Analyst: T-Mobile Gets iPhone Next. Me: No Kidding.

The AP is reporting that the next company that the iPhone goes to is T-Mobile. Here’s what they wrote:

NEW YORK — The iPhone will be available on other cell phone networks as early as this fall and will likely come first to T-Mobile USA, one analyst who follows Apple Inc. closely said Thursday.

In a note to investors, Shaw Wu, of Kaufman Bros., said his checks with Apple suppliers and others suggest AT&T Inc. will lose its exclusive place as the iPhone carrier no later than the first half of next year.

One reason T-Mobile is a likely candidate is because the company’s wireless technology is similar to AT&T’s. Sprint and Verizon Wireless use a different wireless standard, so converting the iPhone to run on their networks would presumably involve more technical hurdles.

Wu said T-Mobile also sees the iPhone as key to winning back lost customers, meaning the company will be more likely to settle for Apple’s terms.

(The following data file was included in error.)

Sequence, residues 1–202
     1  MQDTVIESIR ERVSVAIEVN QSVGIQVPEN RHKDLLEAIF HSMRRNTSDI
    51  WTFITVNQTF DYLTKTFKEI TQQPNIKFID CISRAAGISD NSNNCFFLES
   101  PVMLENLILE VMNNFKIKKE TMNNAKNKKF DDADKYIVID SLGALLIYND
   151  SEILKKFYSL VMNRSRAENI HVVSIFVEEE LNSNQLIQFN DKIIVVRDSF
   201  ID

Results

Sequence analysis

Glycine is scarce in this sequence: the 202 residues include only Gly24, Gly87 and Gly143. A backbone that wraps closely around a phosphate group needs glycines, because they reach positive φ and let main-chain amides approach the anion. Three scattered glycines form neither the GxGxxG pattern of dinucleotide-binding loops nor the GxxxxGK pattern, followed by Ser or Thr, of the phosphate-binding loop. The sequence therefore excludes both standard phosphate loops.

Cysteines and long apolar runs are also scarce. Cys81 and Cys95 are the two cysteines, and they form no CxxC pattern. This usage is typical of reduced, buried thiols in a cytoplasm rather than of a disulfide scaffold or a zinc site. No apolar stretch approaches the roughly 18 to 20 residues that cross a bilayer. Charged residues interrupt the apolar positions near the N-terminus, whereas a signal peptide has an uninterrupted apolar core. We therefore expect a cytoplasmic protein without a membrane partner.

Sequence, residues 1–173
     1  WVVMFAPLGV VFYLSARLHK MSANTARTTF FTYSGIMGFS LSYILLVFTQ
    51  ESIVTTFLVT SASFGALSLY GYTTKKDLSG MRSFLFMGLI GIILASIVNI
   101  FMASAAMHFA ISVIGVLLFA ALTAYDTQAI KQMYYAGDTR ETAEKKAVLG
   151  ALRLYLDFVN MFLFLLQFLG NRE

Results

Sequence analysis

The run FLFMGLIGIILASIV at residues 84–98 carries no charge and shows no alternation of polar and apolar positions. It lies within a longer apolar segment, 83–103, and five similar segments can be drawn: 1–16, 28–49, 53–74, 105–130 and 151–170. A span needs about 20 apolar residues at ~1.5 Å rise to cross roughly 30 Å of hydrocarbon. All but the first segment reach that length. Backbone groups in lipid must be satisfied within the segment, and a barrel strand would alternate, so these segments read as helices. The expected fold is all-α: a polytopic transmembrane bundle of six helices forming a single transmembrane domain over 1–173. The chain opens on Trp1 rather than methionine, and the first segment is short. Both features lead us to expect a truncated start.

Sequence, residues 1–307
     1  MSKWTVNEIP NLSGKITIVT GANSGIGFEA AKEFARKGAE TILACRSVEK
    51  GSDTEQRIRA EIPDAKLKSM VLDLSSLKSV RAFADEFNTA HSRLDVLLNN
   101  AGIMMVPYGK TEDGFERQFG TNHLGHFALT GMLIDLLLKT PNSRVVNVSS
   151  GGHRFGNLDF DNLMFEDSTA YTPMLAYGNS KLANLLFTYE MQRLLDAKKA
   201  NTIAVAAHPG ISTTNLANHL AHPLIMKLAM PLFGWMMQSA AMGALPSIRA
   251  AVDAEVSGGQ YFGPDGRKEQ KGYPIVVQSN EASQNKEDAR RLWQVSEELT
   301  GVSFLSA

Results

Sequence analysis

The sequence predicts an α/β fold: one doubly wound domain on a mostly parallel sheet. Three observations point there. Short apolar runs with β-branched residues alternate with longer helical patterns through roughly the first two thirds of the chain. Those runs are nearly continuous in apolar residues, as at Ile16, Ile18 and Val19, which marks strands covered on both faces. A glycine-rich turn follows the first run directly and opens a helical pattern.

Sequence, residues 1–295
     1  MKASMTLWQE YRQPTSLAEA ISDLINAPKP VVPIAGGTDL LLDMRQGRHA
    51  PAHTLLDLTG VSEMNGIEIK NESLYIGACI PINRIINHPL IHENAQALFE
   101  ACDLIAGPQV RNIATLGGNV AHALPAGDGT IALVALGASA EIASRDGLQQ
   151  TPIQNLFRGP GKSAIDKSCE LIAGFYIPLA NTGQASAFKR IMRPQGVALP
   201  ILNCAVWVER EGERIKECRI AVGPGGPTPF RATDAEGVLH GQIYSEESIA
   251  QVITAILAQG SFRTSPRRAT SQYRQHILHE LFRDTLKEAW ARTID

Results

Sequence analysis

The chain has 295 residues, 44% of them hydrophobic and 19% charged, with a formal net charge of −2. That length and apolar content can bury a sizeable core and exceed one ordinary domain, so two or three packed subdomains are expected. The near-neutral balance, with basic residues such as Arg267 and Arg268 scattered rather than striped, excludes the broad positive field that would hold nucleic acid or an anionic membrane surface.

In any case, Wu said, Apple needs to sign up another U.S. carrier to keep up the pace of iPhone sales and counter the rising competition of phones that run on Google Inc.’s Android software.

I honestly don’t see Apple making this announcement until WWDC next year at the earliest. Why? They’re going to piss off their iPhone customers who just signed another 2-year contract with a $300+ ETF fee.

But as many analysts say this, it’s all common sense. So much so that I already wrote about this back in May. Switching to T-Mobile is a jailbreak away, meaning that all Apple has to do is sign the contract with T-Mobile, flip a few switches in iOS, and there you go. So is it going to happen? Who knows? What I do know is that it better happen.

Comments

  1. power to the people…we love T-mobile…they are good peeps

  2. “all Apple has to do is sign the contract with T-Mobile, flip a few switches in iOS, and there you go” – not true. T-Mobile uses AWS which is a different frequency band, therefore, requiring different hardware inside the phone. That’s why there are two separate versions of Nexus One – one for AT&T (the most common 3G GSM frequency range) and one for T-Mobile. I haven’t seen a phone that can combine both.

    It’s lame that analysts and IT journalists don’t know much about what they are writing.

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